Consensual non-monogamy: Before you take the plunge
Humans are emotionally driven, impulsive, and often illogical creatures. We don’t always make the best decisions, especially when love and sex are involved. When it comes to relationships, our imperfect natures can not only negatively impact, us, but also the people we love.
That is why it’s so critical to consider the real reasons behind what we do, say, or want. The better you and your partner understand yourselves, the easier it is to make informed choices and stand by them.
There are lots of different reasons why you may want to have a conversation about breaking from monogamy. Some reasons are not as healthy than others, but there is always an alternative perspective to explore on the flipside of the coin.
Here’s a few examples of both – does anything resonate with you?
Non-monogamy is often seen as a way to ‘spice things up’ in the bedroom. And it absolutely can! But this mentality assumes two things:
- If you’re not having sex, something is wrong.
- Sexual issues are always about sex.
In fact, neither are necessarily true. In this situation, it’s really important to identify whether this is truly an issue for one or both of you and, if so, why it’s really happening.
Once you understand the root causes of what’s going on, you and your partner will be in a much better position to assess if consensual non-monogamy is the best solution.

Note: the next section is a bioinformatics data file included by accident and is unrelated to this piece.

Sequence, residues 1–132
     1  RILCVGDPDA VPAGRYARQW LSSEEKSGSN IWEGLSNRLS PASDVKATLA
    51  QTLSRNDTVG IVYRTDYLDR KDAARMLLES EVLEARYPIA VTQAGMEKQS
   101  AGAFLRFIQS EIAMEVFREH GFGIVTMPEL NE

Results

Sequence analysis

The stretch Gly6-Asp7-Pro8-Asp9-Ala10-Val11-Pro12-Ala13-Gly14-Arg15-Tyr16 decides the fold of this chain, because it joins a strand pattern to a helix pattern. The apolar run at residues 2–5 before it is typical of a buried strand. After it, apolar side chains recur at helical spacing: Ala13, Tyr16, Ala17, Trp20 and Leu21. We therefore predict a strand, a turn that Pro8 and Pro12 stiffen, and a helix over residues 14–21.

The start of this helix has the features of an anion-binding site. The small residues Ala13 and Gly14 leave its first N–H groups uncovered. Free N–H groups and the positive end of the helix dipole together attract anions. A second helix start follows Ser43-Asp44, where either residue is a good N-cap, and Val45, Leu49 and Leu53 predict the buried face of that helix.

Ultimately, consensual non-monogamy should enhance your relationship, not be used as a band-aid.
The better you understand yourself, the easier it is to make informed choices and stand by them.
Healthier reason: I get different things from different people – I don’t want my partner to feel pressured to fulfill all my needs.
We all know that relationships are complex. We all have different and unique needs and expecting one partner to satisfy all of them can be a daunting prospect.
A change in sexual frequency or satisfaction within a relationship may be one indication that, for whatever reason, your partner isn’t able to fulfill all your needs. In this situation, you have a few different options:
- Accept this as the new status quo.
- Break up with your partner.
- Explore non-monogamy as a way of getting your needs met safely and consensually.
NB: Cheating on your partner is also technically an option here, but we don’t condone this.
Just to be clear, the unhealthy part of this scenario is not the desire to have sex with someone else, but rather the desire to do it non-consensually (or the inability to have the conversation before it’s happened).
Being attracted to people doesn’t simply go away because you’re in a relationship – emotions and desires don’t work that way, it’s not a tap you can just turn off. So you need to be prepared for the reality that you and your partner are inevitably going to have these feelings.
Being attracted to people doesn’t simply go away because you’re in a relationship.
Healthier reason: I’ve got a crush on someone, and I want to explore it, but I’m already in a relationship.
Recognising your attraction to at least one other person besides your current partner is a common part of the human experience (except for some on the ace and aro spectrum) and being in a relationship doesn’t change that. Many people are completely fine with remaining monogamous while dealing internally with these attractions.